What is Co-Parenting, and Why Do It?
“Co-parenting” (sometimes called “shared parenting”) is when both parents work together as a team to raise their children, even after the marriage or romantic relationship is over. This is not a skill that most people are taught, so you may have to do some learning along the way to find out the best way to co-parent in your family. This guide will give you some helpful tips to start learning to co-parent.
Many parents have found it helps to take co-parenting or shared parenting classes, both to learn new skills and to hear from other parents who are going through a similar situation.
The main reason to work at co-parenting is that it helps children deal with all the changes that happen when their parents are no longer together. Even though you may not want to talk to the other parent after the romantic relationship ends, you still have a very important relationship, and it’s the most important one of all: a parenting relationship.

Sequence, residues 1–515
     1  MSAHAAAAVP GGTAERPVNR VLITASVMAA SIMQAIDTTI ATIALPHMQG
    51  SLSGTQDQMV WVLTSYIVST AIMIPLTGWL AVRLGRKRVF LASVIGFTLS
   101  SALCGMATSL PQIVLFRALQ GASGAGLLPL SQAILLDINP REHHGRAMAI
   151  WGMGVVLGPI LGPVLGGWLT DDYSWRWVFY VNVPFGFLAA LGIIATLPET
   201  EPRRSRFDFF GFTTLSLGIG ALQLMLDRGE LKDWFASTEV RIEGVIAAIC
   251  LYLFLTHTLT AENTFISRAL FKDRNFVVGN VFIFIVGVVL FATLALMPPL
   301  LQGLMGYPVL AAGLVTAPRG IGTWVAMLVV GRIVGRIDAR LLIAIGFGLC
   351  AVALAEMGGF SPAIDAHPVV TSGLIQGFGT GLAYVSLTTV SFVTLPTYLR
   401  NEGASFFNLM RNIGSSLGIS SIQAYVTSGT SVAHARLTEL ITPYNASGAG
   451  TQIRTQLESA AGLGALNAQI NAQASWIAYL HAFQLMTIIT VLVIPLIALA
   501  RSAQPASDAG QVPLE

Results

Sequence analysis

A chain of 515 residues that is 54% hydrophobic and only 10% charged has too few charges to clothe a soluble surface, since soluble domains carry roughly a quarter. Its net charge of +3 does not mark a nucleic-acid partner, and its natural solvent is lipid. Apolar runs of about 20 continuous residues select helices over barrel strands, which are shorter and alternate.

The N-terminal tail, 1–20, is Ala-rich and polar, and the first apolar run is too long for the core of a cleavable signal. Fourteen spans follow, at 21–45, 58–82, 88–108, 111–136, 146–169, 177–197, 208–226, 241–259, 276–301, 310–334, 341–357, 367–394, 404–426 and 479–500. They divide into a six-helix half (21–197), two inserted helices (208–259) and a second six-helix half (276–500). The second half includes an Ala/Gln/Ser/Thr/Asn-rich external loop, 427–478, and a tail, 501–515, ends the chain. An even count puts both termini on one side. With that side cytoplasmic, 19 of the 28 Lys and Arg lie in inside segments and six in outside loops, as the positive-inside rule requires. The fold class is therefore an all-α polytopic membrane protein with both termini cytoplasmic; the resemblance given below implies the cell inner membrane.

All children need the love and support of both their mother and father. Parents who live apart can still provide these things if they work together and put anger and conflict aside.
Communicating With the Other Parent
When talking to the other parent after a breakup, you may feel the urge to scream, shout, or do other things to tell him or her about the pain and hurt you are feeling. Do everything you can to avoid doing this when your kids can hear you. If talking face-to-face is hard (especially right after the breakup), you might want to use e-mail or even written notes or letters to avoid bringing up old emotional fights.